The unfinished revolution of 1898
FROM A DISTANCE - Carmen N. Pedrosa (The Philippine Star) - March 10, 2018 - 12:00am

I was surprised that it was a non-Filipino who went deeper for a correct perspective on the celebration of EDSA. Thank you. He said the unfinished revolution was not about Edsa in 1986 but the unfinished revolution from 1898. So it was not surprising that less and less Filipinos celebrate.

American military underlings after Admiral Dewey won the Battle of Manila Bay claim they were not authorized to make a commitment of independence to the Filipino revolutionaries headed by Emilio Aguinaldo. The question is why their governments negotiating for the American purchase of the Philippines and signed peace and settlement through the Treaty of Paris? And why were Filipinos not invited to join the signing of the treaty after they had cooperated with the Americans that won the war for them?

In other words, this is an unbelievable reason for American perfidy and the events that followed demonstrates the Filipinos would not risk life and limb for a promise that was not fulfilled. It could not be because of subordinates’ ignorance but because of policy. It was the start of American imperialism when the Philippines fell into their hands. Filipino revolutionaries were gypped and fought for their promised independence from 1898 which they never got.

Sources said that the Americans agreed to help remove Marcos when Filipinos reached the end of their tethers. The long fight for independence officially lasted from 1898 to 1946. The imperial victory was transformed into a milder, subtler form characterized by the Laurel-Langley agreement giving equal rights to Americans and Filipinos in the development of its business and resources. 

The new imperialism would be subtler but just as real. Americans would dominate our nation building through an oligarchy. 

Americans would help to make Edsa 1986 possible on the proviso that Filipinos could claim it was their victory and victory alone. Policy by deception.

Happily that is no longer possible with the arrival of Digong Duterte who would say it as bluntly as he can that the Philippines would conduct its own foreign policy. He would repeat again and again we would be independent and be friends with all in the interest of the country.

This independence that the new president was talking about was preceded by the showing of a film on General Antonio Luna who would continue to fight for Philippine political independence against the oligarchy who sided with the colonialists as the way to survive.

A year before Duterte was elected as President of the Philippines, a movie on the story of Gen. Antonio Luna broke box office record in theaters all over the Philippines. For the first time we had a movie produced by, ironically, two mestizos (half breed, E.V. Rocha and Fernando Ortigas) about Philippine history that drew such crowds. I saw the movie myself. It was an inspiring film on the life of Antonio Luna who was described by the American General James F. Bell himself “he was the only general the Filipino army had.”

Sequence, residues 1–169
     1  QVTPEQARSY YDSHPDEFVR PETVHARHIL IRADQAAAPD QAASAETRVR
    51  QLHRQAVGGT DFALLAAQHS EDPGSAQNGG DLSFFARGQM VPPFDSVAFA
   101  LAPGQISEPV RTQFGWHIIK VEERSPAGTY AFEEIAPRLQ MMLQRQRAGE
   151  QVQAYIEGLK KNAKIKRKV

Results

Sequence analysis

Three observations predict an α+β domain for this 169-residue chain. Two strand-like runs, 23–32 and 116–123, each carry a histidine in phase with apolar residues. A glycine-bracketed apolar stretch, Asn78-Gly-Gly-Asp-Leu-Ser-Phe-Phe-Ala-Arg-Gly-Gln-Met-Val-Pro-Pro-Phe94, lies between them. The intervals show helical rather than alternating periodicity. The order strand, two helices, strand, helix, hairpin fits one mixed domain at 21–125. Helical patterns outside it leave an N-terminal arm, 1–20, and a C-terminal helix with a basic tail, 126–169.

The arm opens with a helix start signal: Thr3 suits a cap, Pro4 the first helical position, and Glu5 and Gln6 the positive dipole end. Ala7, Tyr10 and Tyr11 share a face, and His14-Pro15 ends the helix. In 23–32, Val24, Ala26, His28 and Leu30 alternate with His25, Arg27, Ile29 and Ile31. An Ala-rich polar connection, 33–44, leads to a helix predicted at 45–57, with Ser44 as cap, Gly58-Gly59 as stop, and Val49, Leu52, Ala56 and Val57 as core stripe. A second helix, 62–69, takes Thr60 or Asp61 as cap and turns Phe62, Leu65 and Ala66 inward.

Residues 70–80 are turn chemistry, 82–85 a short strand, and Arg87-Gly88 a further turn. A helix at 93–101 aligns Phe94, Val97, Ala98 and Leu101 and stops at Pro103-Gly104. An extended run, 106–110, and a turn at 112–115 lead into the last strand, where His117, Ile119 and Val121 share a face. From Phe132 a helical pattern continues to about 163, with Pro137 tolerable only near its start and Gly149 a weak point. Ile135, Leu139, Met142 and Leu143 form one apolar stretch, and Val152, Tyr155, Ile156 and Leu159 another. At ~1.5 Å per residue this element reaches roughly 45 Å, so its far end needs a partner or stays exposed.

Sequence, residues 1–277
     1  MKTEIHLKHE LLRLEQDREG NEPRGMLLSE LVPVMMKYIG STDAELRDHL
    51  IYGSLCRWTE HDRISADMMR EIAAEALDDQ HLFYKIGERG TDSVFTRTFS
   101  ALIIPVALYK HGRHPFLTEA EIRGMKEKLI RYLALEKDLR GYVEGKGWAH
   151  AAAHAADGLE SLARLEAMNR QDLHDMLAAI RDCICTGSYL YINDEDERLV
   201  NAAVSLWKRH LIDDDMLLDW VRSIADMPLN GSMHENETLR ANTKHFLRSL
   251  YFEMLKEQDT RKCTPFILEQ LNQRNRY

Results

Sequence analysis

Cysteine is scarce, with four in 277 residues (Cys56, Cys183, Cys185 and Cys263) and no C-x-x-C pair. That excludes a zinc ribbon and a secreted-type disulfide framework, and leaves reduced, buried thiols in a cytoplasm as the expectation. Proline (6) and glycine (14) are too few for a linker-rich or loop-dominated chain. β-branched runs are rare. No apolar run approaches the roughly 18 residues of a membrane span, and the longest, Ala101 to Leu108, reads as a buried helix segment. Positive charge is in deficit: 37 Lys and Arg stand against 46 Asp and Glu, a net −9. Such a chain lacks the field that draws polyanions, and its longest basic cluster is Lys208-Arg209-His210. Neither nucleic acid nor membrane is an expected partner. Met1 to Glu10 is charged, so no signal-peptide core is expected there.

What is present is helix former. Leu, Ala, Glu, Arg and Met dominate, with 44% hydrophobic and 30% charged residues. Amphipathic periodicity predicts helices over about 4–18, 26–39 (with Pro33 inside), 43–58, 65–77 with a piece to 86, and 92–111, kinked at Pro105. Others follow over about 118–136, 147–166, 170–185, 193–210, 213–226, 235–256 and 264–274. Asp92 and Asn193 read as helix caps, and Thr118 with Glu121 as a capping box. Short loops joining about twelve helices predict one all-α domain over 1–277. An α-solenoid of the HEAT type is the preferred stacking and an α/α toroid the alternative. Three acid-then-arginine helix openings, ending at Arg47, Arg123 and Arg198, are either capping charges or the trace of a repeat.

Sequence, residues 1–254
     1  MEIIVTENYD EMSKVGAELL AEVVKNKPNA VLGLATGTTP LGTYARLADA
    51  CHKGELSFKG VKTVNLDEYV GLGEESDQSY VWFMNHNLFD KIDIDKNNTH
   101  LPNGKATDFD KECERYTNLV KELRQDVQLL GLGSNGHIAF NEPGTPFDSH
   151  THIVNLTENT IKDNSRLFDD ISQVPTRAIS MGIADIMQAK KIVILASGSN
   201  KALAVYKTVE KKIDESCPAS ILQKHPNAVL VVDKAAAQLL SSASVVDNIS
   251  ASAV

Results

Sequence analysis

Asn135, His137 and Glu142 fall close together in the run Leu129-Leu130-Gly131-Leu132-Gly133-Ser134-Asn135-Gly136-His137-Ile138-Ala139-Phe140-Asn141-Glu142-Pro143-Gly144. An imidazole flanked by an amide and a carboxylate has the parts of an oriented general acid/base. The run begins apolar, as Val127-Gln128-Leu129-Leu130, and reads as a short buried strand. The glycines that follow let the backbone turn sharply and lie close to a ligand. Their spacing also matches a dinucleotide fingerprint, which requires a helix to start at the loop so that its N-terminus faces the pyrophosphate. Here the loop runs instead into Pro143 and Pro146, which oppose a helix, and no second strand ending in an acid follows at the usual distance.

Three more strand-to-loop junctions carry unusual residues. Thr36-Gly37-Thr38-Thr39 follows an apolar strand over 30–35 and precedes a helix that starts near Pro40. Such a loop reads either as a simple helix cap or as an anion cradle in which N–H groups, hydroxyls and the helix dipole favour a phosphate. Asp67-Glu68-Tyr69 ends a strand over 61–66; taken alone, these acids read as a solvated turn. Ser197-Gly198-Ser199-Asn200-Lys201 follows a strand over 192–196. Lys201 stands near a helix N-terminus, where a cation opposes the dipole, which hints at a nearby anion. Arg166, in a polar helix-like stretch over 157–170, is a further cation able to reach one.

From exile and imprisonment he became an activist. The fight against the oligarchy now being waged by Duterte is the fulfillment not only of what he promised in his campaign but a part of his persona.   

“As the Spanish/American War came to a close, and the defeated Spanish prepared to withdraw from the Philippines, Filipino revolutionary troops surrounded the capital city of Manila. The newly arrived officer Antonio Luna urged the other commanders to send troops into the city to ensure a joint occupation when the Americans arrived, but Emilio Aguinaldo refused, believing US naval officers stationed in Manila Bay would hand over power to the Filipinos in due course. This was a strategic blunder. We could have been independent without relying on America’s word. Luna developed and implemented a plan to contain the Americans long enough to construct a guerrilla base in the mountains. The plan consisted of a network of bamboo trenches, complete with spiked man-traps and pits full of poisonous snakes, that spanned the jungle from village to village. Filipino troops could fire on the Americans from this Luna Defense Line, and then melt away into the jungle without exposing themselves to American fire. 

This is from a column I wrote in 2016. “There was enough time for Filipinos to implement the Luna plan while the Americans were waiting for reinforcement. Unfortunately the internecine struggle between Luna and Aguinaldo with the elite Filipino oligarchs behind him destroyed the Luna plan by killing him. In time this memory of a turning point of what might have been was forgotten. But not so.

It remained deep in the subconscious of Filipinos. It would remain there until a propitious time. It is my opinion that the propitious time came with the emergence of Duterte, a man who was willing to confront our problems of nation-building the most vicious being America’s dictum of divide and rule. Was it coincidence or destiny that this film on Heneral Luna would be made at a time Filipino patriotism is being challenged, hesitated and a for a while it seemed he would turn it down. “

But he accepted the challenge and began the long trek for our independence that we had won in 1898, not in the peaceful revolution of EDSA in 1986. One day, a historian will connect the dots and the puzzle will be obvious to those who want to see.

BATTLE OF MANILA BAY EMILIO AGUINALDO
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